There's no one OS that's best for all purposes, so I avoid tying my work to any one platform. Unfortunately for me, almost everything about computers is still platform-specific. The obvious case is applications: even though essentially every home computer can run x86 code, no common subset of APIs, ABIs, and executable formats have become standard. Even more disappointing is how platform-specific basic user-level operations are: the simplest computing tasks (copy a file, run a program, create an archive, etc.) are all platform-specific as well.

A common solution for scripted tasks is to use a build system. I won't pick on any particular build system, but I haven't encountered any that make even basic things easy. Consider a simple task: copying a file to an output directory. What I want to write is something like copy source destination. Instead, many systems still require platform-specific commands (e.g. choosing to invoke cp or xcopy from the build script), plus a hierarchy of rules to make the operation fit into a dependency tree.

None of these systems make my hobby work more enjoyable, as I simply want to run a sequence of operations, halting if any fail. Whether typing individual one-off commands, or scripting a massive server deployment, I don't want to manually translate commands for each platform. I'd rather have a simple interface with a fraction of the functionality, but have it be consistent everywhere I work.

Thankfully, the standard libraries provided with most modern languages provide this abstraction already (e.g. file I/O APIs that work across platforms); they're just not exposed in a simple shell/scripting interface. A very thin wrapper over these APIs makes for a fine basic scripting environment.

The application I'll make is a simple command runner — run. The commands it supports are unabashedly simple (copy, delete etc.), but they're consistent on every platform. No need for build hierarchies, and no .sh or .bat files in each project root. Furthermore, the interpreter is written in the same language as all my other code, so it's guaranteed to work on any platform my code can target, without a need to install python or java just to run a script.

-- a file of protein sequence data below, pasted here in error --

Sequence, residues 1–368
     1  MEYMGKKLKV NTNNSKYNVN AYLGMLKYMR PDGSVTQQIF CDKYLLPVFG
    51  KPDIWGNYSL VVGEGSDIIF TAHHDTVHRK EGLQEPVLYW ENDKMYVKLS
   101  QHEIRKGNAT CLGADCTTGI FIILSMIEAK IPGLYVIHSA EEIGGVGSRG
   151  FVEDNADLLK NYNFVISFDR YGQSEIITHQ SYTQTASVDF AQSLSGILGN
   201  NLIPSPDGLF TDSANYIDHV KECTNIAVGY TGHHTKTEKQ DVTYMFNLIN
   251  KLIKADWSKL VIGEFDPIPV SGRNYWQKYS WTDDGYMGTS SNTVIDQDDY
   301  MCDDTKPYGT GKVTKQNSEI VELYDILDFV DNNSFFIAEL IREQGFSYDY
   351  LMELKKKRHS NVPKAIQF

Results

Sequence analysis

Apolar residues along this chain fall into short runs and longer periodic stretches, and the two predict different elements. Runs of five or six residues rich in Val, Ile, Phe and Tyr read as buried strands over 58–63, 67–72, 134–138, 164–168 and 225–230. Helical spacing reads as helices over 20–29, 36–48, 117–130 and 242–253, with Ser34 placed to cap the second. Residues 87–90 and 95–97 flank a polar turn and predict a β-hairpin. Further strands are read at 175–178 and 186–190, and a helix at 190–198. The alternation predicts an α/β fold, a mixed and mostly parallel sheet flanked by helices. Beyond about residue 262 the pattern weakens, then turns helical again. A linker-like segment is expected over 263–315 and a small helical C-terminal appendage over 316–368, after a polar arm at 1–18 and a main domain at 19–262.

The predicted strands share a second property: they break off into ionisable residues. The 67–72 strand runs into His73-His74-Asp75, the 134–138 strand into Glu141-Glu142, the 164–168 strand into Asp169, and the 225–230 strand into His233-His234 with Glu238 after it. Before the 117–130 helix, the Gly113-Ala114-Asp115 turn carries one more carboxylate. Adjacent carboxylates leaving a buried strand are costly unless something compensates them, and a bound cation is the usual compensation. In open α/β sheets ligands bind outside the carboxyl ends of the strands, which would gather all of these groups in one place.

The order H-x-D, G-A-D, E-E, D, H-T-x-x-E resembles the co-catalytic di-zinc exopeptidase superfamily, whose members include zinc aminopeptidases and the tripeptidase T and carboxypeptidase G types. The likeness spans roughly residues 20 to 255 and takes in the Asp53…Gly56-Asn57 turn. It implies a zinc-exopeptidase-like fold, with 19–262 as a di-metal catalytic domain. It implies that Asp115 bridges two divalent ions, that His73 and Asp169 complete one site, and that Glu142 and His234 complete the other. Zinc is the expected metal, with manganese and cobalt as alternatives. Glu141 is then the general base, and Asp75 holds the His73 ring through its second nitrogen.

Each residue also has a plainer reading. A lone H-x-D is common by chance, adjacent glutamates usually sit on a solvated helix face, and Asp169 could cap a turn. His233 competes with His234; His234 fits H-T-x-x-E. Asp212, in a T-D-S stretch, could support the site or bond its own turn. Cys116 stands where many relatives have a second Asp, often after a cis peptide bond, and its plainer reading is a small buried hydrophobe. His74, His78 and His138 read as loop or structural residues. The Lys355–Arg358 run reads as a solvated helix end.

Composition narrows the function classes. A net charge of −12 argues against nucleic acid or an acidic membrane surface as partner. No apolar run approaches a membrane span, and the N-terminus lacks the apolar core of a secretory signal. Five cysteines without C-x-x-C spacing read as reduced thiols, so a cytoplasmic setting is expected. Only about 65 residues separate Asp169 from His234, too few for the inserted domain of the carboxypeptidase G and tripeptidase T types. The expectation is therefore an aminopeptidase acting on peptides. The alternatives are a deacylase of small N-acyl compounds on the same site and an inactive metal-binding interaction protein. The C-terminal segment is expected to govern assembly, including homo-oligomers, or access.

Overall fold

There's not much technically impressive here; run simply reads lines of text and passes them to the appropriate standard library function. This simplicity makes adding new commands trivial. In fact, I'd bet it's faster to add case "copy": std::fs::copy(...) than it is to search stackoverflow for how to write build-system rules to copy a file in a platform-independent manner.

Overall, it's nothing special, but I encourage you to try skipping the usual suspects when setting up builds for hobby work. It takes surprisingly little work, and maybe, together, we can prevent another build.bat from coming into existence.

			⌨771 l ⌨100 s ⌨135 ⏎
			␤ ⎙11 a.txt⏎
			␤ ⌨884 c ⌨67 a ⌨151 t ⌨87   ⌨109 . ⌨52 / ⌨97 d ⌨124 e ⌨57 m ⌨52 o ⌨359 ⏎
			␤ ⎙18 copy a.txt b.txt⏎
			␤ ⌨1133 r ⌨92 u ⌨146 n ⌨77   ⌨223 . ⌨65 / ⌨77 d ⌨141 e ⌨75 m ⌨60 o ⌨394 ⏎
			␤ ⎙18  ⌨1021 l ⌨78 s ⌨209 ⏎
			␤ ⎙18 a.txt⏎
			␤ ␃
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